The ROM 28 a stores in advance a game program for a virtual game to be executed by the game device 10. ROM 28 a may also store image data (character image, background image, item image, icon (button) image, message image, etc.), data representing sounds or music used to accompany the game (sound data), etc. The RAM (backup RAM) 28 b stores (saves) proceeding data and result data of the game.

The RAM 48 is used as a buffer memory or a working memory. The CPU core 42 loads the game program, the image data, the sound data, etc. stored in the ROM 28 a of the memory card 28 into the RAM 48, and executes the loaded game program. The CPU core 42 executes a game process while storing in the RAM 48 data (game data and flag data) temporarily generated in correspondence with progress of the game.

The game program, the image data, the sound data, etc. are loaded from the ROM 28 a entirely at a time, or partially and sequentially so as to be stored (loaded) into the RAM 48.

Each of the GPU 50 and the GPU 52 forms a part of a rendering means. They may be provided by, for example, a single chip ASIC. GPU 50, 52 receive graphics commands from the CPU core 42 to generate game image data according to the graphics command. The CPU core 42 provides each of the GPU 50 and the GPU 52 with an image generating program (included in the game program) used to generate the game image data in addition to the graphics command.

GPU 50 is connected with a first video RAM (hereinafter, referred to as “VRAM”) 56. GPU 52 is connected with a second VRAM 58. The GPU 50 and the GPU 52 obtain data required for the GPU 50 and the GPU 52 to execute the graphics command (image data: character data, texture data, etc.) by access to a first VRAM 56 and a second VRAM 58, respectively. The CPU core 42 writes the image data required for graphics drawing into the first VRAM 56 and the second VRAM 58 via the GPU 50 and the GPU 52. The GPU 50 accesses the VRAM 56 to generate the game image data for graphics drawing. GPU 52 accesses the VRAM 58 to generate the game image data for graphics drawing.

The VRAM 56 and the VRAM 58 are connected to the LCD controller 60. The LCD controller 60 includes a register 62. Register 62 consists of, for example, one bit. Register 62 stores a value of “0” or “1” (data value) according to an instruction of the CPU core 42. When the data value of the register 62 is “0”, the LCD controller 60 outputs the game image data generated by the GPU 50 to the LCD 12, and outputs the game image data generated by the GPU 52 to the LCD 14. When the data value of the register 62 is “1”, the LCD controller 60 outputs the game image data generated by the GPU 50 to the LCD 14, and outputs the game image data generated by the GPU 52 to the LCD 12.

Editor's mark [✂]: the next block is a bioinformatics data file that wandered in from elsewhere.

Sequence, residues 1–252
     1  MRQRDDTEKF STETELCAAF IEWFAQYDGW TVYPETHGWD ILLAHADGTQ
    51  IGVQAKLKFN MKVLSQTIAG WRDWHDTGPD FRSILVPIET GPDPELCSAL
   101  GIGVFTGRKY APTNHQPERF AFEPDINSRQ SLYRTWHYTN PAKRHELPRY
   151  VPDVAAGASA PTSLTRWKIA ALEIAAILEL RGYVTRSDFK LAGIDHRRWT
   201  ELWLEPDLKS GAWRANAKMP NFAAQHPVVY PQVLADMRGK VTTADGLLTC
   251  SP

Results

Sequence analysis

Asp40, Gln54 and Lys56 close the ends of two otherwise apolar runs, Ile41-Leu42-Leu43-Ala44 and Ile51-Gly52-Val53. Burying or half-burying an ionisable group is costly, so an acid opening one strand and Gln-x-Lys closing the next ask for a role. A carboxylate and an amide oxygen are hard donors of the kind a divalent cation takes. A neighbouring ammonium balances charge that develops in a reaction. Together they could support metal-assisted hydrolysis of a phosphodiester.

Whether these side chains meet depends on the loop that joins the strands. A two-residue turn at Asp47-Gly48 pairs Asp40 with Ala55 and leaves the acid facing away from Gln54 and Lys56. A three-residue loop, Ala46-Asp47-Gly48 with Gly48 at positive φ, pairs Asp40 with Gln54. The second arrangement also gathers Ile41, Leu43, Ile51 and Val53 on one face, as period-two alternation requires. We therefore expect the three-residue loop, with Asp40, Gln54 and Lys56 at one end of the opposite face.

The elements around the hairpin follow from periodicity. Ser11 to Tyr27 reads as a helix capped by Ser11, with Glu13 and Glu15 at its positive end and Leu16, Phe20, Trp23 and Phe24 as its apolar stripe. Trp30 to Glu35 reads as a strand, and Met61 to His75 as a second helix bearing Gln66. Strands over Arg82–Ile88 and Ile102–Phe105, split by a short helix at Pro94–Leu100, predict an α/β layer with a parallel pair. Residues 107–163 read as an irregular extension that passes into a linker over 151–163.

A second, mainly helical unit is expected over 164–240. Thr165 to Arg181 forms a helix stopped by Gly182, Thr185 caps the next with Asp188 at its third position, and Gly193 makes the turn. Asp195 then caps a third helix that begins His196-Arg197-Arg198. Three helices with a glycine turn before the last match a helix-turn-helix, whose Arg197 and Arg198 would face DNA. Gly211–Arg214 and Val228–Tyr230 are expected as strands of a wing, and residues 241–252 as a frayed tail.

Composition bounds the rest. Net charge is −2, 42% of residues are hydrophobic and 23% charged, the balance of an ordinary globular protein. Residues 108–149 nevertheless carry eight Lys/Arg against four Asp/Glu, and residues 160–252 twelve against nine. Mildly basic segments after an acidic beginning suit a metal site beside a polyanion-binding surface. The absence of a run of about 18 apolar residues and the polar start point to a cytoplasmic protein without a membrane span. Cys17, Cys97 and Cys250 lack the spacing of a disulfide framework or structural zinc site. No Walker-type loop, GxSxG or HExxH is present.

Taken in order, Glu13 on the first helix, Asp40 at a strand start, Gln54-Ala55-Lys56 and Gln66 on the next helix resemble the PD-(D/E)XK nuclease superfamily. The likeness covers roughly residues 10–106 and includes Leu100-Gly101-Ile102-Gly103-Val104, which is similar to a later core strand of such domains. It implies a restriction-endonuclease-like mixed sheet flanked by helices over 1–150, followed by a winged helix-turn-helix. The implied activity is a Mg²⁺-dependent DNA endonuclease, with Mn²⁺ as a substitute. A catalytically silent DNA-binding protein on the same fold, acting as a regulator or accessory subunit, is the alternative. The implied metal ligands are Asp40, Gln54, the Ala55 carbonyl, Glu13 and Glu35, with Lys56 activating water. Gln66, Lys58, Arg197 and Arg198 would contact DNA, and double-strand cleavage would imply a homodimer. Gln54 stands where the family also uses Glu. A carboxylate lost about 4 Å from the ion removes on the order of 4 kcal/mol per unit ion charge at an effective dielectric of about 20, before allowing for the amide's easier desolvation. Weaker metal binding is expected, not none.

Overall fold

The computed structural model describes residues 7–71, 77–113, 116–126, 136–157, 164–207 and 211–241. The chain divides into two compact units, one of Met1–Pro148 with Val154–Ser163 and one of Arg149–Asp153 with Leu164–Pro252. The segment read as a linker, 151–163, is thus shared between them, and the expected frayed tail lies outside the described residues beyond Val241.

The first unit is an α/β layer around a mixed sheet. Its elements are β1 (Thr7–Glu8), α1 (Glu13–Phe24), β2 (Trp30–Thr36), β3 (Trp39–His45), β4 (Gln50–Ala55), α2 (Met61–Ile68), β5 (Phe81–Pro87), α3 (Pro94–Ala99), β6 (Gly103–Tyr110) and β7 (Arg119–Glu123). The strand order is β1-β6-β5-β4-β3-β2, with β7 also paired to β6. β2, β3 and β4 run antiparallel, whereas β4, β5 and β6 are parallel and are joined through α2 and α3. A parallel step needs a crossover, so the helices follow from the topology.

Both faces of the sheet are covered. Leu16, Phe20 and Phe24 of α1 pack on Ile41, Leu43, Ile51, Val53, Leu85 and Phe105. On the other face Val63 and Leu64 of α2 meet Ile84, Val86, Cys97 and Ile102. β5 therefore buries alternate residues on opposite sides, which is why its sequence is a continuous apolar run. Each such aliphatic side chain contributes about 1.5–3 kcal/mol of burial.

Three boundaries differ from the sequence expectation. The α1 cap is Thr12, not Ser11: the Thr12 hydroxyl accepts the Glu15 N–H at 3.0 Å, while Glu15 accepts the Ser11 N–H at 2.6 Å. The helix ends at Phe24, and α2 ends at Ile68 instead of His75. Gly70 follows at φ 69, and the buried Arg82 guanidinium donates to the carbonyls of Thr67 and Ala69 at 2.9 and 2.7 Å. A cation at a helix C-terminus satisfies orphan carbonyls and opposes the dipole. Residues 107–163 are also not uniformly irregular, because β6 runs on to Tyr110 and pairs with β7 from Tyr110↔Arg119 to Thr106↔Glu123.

The LCD controller 60 reads out game image data directly from the VRAM 56 and the VRAM 58, and reads out game image data from the VRAM 56 and the VRAM 58 via the GPU 50 and the GPU 52.

The I/F circuit 54 is connected with the operating switch 20, the touch panel 22 and the speaker 32. Operating switch 20 is the above-described switches 20 a, 20 b, 20 c, 20 d, 20 e, 20L and 20R. In response to an operation of the operating switch 20, a corresponding operation signal (operation data) is input to the CPU core 42 via the I/F circuit 54. The coordinates position data from the touch panel 22 is input to the CPU core 42 via the I/F circuit 54. The CPU core 42 reads-out the sound data necessary for the game such as a game music (BGM), a sound effect or voices of a game character (onomatopoeic sound), etc. from the RAM 48, and outputs it from the speaker 32 via the I/F circuit 54.

FIG. 1B further shows a “Wi-Fi” wireless adapter 33 and associated antenna 35. Wi-Fi wireless adapter 33 comprises a transceiver (transmitter and receiver) that allows gaming platform P to communicate wirelessly via network N. Wi-Fi wireless adapter 33 may comprise for example a baseband system, modulator and amplifiers compliant with the conventional 802.11 standard. Wi-Fi wireless adapter 33 wirelessly receives information transmitted over RF from other devices, and wirelessly sends information to other devices. Other wired or wireless technology (e.g., Ethernet, WAN, Bluetooth, etc.) could be substituted. Wireless adapter 33 allows gaming platform P to communicate with other gaming platforms or other devices in the same room or vicinity and/or with more remote devices. Network N could be a very localized network such as a 20-meter range WI-FI ad hoc connection, or it could be a worldwide network such as the Internet, or any other wired or wireless network you can think of.

Exemplary Illustrative Non-Limiting Multiple Character Control

In one exemplary illustrative non-limiting implementation shown in FIG. 2, a game character 201 is provided for display on one of displays 12, 14. A selection area or bounding box 202 (“stylus detector”) is provided around the game character. The game character may be 2D or 3D and may be defined and rendered using any known graphics technique. The size of the selection area 202 can be any size, up to and including the size of the actual game screen or beyond, but in this exemplary illustrative non-limiting implementation the area 202 is a box or rectangle that is only slightly larger than the character 201.